SANTA CLARA, Calif. — As San Francisco 49ers CEO Jed York tells the story, coach Kyle Shanahan took some convincing before deciding it was worth dealing a boatload of draft picks before last season’s trade deadline for Christian McCaffrey.
With most teams around the NFL downgrading the value of running backs, the Niners ultimately decided the cost of four draft picks was worth it to acquire McCaffrey from Carolina if they wanted to have a team worthy of winning a championship.
That move was a big step in lifting the 49ers from a good offense to perhaps the most efficient in the NFL and is a major reason why San Francisco is preparing to play the Kansas City Chiefs in the Super Bowl on Sunday.
“That’s the time that you want to push your chips in the middle,” York said. “I feel like that’s where we were with Christian. We did give up a lot. But I think we have one of the best, if not the best player in the on our team.”
McCaffrey has proven to be as valuable as anyone on the 49ers after leading the NFL in yards from scrimmage (2,023), tying for the lead in touchdowns (21) and generating the most first downs (114) in the regular season.
That earned McCaffrey a unanimous spot as the All-Pro running back and made him a finalist for both the MVP and Offensive Player of the Year awards that will he handed out this week.
He’s added four more touchdowns and 260 yards from scrimmage in two playoff wins.
“He’s why our pass game and our play-action pass and all that kind of stuff opened up because he sort of sets the standard with the run game and then when we do pass the ball, he’s there in our play,” quarterback Brock Purdy said.
“He catches the ball, he makes guys miss, he can go up against safeties and linebackers and make them miss and stuff in the pass game. And then he scores touchdowns. His stats are crazy. So, he’s definitely a valued player and I think the most valued player.”
There are few backs as versatile as McCaffrey. He can run inside or outside. He excels at picking up blitzes as well as running pass patterns out of the backfield. Or he can line up in the slot or out wide and run pass patterns as well as many receivers.
That versatility can sometimes be a curse with some coaches viewing him more as a scat back than a traditional three-down back who can pound it between the tackles for positive yards play after play such as the old-school backs from the 1970s and ’80s.
That’s why McCaffrey made sure Shanahan knew as soon as he arrived that he could handle the heavy load of a three-down back who was physical enough to gain the tough yards when needed.
“It’s probably part of my insecurities and competitiveness. I want to be a complete back,” he said. “I think this dates back to when I was in middle school and high school. … I had coaches in the NFL who didn’t think I could run in between the tackles. So I think, for me, it’ll always be in the back of my head and something that I take a lot of pride in, just being a complete back.”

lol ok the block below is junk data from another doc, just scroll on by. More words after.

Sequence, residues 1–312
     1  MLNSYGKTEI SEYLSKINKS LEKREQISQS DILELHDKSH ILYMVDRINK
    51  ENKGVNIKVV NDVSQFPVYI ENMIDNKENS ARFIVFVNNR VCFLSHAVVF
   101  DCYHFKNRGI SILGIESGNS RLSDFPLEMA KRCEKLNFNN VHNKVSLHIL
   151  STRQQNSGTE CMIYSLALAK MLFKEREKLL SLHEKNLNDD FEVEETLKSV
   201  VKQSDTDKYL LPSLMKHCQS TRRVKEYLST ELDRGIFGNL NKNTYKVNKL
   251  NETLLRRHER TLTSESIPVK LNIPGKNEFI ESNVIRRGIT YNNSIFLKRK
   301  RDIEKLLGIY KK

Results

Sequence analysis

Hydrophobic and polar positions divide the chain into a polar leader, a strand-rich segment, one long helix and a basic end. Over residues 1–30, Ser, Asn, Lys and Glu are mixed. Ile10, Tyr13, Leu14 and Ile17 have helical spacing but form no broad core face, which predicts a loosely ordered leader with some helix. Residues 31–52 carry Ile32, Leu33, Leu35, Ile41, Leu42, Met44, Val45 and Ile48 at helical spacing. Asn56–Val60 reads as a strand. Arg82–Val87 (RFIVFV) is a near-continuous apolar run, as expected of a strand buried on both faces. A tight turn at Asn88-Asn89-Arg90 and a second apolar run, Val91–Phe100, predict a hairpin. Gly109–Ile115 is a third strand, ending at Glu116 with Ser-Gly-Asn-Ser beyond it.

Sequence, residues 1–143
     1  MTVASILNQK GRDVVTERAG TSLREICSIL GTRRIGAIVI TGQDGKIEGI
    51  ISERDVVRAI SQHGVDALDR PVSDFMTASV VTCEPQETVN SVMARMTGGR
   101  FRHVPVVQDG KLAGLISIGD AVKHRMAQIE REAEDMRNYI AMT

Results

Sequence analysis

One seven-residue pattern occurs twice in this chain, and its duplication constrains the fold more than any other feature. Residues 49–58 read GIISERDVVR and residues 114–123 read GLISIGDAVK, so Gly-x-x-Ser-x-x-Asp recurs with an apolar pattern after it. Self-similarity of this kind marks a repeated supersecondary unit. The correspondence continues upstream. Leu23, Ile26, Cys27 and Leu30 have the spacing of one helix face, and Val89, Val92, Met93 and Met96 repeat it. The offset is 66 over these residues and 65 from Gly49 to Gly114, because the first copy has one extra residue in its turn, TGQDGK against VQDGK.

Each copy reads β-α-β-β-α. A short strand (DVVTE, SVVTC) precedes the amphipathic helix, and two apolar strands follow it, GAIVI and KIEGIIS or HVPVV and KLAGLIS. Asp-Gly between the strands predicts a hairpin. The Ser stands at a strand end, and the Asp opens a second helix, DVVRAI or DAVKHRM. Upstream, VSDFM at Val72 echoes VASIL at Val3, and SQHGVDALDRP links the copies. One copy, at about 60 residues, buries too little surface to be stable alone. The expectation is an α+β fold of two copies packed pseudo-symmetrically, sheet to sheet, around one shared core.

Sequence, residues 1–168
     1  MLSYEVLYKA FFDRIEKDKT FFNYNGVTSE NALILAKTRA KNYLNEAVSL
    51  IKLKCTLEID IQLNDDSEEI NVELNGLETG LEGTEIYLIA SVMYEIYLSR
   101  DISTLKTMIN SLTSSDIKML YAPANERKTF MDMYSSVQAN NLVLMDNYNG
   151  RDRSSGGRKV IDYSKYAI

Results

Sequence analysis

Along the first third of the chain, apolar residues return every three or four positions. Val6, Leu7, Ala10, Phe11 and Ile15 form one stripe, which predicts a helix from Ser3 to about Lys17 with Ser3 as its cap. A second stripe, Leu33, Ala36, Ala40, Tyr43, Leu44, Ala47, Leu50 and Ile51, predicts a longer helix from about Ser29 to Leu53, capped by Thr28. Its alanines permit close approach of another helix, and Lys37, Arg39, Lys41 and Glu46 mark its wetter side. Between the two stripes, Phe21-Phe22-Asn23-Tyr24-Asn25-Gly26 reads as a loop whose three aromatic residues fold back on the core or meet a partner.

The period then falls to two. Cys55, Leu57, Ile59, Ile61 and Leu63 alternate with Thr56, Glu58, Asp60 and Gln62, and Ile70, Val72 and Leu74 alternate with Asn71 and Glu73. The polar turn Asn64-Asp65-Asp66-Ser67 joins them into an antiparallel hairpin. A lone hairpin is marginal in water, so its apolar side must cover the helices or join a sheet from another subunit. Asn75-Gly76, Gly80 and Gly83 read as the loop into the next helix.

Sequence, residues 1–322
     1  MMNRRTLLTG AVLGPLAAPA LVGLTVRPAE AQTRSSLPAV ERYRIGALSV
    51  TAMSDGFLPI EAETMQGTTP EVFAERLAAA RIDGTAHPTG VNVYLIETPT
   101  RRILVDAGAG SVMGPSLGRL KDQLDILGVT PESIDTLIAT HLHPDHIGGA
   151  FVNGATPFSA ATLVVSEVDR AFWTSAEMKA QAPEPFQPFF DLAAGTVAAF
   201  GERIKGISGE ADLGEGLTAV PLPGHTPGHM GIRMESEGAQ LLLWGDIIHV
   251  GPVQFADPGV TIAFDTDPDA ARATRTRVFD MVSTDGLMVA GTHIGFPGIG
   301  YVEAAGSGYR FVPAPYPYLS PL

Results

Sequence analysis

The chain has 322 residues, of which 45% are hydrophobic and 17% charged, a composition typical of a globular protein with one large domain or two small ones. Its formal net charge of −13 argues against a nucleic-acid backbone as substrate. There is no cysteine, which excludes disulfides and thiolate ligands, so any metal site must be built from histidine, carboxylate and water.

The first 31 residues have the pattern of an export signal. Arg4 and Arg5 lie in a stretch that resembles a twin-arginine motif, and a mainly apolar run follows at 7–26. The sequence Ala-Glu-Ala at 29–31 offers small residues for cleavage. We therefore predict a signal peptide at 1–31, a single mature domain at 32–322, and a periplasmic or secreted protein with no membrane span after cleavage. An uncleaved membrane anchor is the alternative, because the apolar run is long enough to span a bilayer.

McCaffrey is meticulous about how he takes care of his body starting in the offseason and how hard he works during the season.
That helped McCaffrey play the fourth-most snaps of any running back in the league this season as he rarely takes a play off and gives so much effort even when his number isn’t called that Shanahan called him the best player he has ever seen without the ball.
“The guy is insane in how hard he prepares, not just in the season, but I saw him like a week after the season last year and he had a drink with me and he actually had a second one,” Shanahan said. “He is like, ‘well, only got like four more days left, so I’m going to have a couple for the next four days.’ I’m like, ‘dude we just finished like five days ago.’ He gives himself like 12 days off and he is right back to preparing.”
McCaffrey made his debut for the 49ers last season against the Chiefs two days after arriving. He barely knew his teammates’ names and didn’t know the playbook at all, so other offensive players just pointed him in the right direction after the play was called in the huddle.
McCaffrey managed to rush for 38 yards on four carries and catch two passes for 24 yards in that game but took off the following week when he had a TD run, catch and pass in a win against the Rams. He has scored 38 TDs in his 31 starts in the regular season and playoffs.
“Thank god we got them then and not after they had him for two or three weeks,” Chiefs defensive coordinator Steve Spagnuolo said. “It’s scary to watch all the weapons they have. He’s one piece of it. A big piece of it.”
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